The villa was completed for residency in 1916, and the formal gardens and acres of landscaped grounds completed in 1923. The renowned interior designer Elsie de Wolfe, whom Chalfin was an associate with, introduced Chalfin to Deering. From 1910 to 1923, Deering and Chalfin travelled around Europe; collecting ideas, art, and antiquities for Vizcaya; and seeing to its creation. In Florida they were a passionate team for the best design and construction solutions for the villa, village, and gardens. It was designed in a synthesis of Venetian Gothic and Italian Renaissance influences in a Mediterranean Revival Style architecture mode.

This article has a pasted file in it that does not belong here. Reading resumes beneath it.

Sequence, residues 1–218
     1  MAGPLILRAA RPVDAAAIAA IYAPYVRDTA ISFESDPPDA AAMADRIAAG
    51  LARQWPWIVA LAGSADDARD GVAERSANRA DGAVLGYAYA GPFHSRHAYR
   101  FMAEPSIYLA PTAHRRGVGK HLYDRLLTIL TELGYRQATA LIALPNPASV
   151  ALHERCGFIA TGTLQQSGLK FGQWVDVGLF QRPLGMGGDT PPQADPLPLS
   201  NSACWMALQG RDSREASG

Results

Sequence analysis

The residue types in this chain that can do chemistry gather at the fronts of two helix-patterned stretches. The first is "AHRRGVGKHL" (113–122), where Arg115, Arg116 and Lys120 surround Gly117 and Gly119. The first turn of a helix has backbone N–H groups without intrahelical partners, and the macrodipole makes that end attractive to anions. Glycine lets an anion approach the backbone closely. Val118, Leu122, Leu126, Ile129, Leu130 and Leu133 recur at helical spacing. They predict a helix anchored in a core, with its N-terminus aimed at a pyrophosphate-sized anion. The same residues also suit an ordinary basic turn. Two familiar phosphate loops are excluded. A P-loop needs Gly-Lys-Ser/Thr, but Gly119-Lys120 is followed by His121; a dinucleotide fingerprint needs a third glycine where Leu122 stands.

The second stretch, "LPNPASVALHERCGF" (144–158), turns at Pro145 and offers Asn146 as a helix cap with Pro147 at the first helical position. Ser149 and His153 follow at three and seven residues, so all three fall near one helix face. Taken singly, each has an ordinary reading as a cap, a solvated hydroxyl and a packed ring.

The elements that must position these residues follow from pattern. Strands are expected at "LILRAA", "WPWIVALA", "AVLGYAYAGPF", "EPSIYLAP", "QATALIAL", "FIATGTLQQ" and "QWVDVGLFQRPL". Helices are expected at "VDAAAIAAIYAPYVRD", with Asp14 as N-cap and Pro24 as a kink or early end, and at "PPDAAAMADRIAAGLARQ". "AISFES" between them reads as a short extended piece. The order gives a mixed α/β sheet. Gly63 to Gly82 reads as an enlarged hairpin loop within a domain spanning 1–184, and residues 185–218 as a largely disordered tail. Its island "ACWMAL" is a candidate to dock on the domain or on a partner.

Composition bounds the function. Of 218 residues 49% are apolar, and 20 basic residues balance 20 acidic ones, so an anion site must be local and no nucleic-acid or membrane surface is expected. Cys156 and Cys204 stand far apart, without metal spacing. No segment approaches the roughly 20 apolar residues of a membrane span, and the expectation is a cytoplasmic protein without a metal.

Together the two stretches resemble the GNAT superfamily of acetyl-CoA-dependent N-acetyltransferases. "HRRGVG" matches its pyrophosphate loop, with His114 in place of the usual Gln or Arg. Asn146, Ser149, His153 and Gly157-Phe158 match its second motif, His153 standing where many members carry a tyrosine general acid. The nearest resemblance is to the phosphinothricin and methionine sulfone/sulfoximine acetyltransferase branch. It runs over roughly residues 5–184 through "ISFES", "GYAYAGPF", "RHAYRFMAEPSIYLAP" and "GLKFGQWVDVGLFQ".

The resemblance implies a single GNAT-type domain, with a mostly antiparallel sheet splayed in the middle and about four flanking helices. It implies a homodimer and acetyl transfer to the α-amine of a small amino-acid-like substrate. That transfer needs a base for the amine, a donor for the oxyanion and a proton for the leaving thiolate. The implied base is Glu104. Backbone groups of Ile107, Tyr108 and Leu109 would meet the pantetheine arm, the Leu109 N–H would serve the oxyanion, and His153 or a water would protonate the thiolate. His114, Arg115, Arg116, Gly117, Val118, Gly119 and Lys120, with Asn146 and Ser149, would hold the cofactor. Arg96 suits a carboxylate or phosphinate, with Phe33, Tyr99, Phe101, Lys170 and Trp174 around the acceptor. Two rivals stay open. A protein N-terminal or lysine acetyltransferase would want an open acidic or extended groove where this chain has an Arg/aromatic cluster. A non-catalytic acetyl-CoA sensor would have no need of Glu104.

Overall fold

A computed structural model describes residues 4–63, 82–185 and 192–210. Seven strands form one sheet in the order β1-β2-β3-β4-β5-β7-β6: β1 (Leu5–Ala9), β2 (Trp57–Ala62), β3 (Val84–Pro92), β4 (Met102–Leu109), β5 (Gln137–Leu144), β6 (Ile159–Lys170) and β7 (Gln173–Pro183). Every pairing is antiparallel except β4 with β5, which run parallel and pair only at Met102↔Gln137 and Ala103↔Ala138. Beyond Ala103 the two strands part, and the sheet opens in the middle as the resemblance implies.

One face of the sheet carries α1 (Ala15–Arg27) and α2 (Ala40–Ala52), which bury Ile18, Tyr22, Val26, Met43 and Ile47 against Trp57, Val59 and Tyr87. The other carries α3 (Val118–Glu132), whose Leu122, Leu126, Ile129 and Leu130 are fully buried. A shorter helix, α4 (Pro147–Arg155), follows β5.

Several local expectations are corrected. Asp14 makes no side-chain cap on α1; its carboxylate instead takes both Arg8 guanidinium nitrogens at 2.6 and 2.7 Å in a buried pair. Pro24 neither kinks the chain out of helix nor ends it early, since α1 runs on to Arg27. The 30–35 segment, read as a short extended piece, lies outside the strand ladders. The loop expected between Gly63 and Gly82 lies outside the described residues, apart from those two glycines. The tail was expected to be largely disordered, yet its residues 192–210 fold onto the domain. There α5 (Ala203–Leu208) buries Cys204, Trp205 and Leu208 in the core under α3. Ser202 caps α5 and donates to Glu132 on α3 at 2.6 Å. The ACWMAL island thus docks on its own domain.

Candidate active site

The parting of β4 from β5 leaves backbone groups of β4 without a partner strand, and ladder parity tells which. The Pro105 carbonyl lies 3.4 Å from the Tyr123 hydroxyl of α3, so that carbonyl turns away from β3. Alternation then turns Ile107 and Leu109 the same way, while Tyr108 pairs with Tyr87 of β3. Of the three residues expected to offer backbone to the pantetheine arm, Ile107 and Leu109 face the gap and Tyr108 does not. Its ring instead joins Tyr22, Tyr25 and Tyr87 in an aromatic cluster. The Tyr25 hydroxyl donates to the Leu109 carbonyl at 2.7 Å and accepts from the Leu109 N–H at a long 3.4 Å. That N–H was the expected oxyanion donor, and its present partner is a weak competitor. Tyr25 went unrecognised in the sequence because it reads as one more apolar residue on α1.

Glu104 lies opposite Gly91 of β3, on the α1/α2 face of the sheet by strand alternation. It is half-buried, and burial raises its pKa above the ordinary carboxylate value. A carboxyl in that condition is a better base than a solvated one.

In Miami Chalfin and Koons partook in and mimicked the gay and gaudy lifestyle popularized in cities like New York and Chicago, flaunting their open secret to those in the city. While Talbot S. Hanan of the shoe manufacturing fortune was probably best known for hosting extravagant balls in Narragansett Pier, his family also built a winter home in Miami known as the “Hanania.” Much like the “Hawaiian Ball” he threw in Rhode Island, Hanan presented the “A Night in Japan” ball in Miami on March 8, 1917. This event was representative of the remnants of wealth and excess of the Gilded Age and reveals the upper-class fetishization of the exoticized “Other.” For his Miami ball, Hanan promised “beautiful silver cups” awarded for the “best costumes.” Many of the area’s social elite attended and contributed to the event. Deering, for example, donated $250. Feminist and Miami Herald columnist Marjory Stoneman Douglas described the ball’s lavish nature and its attendees’ costumes. Not all the costumes recalled Japan; several attendees—including Chalfin and Koons—dressed in Chinese-inspired clothes. “Among the Chinese costumes, those of Mr. Paul Chalfin and Mr. Louis Koons attracted much attention,” reported Douglas. In addition to suggesting they attended the ball as a couple, Douglas meticulously detailed their extravagant and ornate outfits: “The former wore an embroidered coat in soft blue and rose, with rose pongee trousers, carefully folded in at the ankle, while the latter was resplendent in a coat of dull blue and gold embroidery, cream trousers and gold embroidered scarf.” Her description stands out, as it more closely resembled costumes worn by women at the dance, even as the white elite’s obsession with the “exotic” may have diminished, or made more permissible, any feminine associations. The area’s elite tacitly tolerated and accepted the male lovers and their open secret. This also reflects Deering’s attitude toward Chalfin. His relationship with his employee and confidant seems to have never been compromised by Chalfin’s homosexuality or effeminate behavior. Similarly, the crowd welcomed the coupled Chalfin and Koons to the ball and celebrated their dress. The ball judges even awarded Koons “the gentleman’s cup.”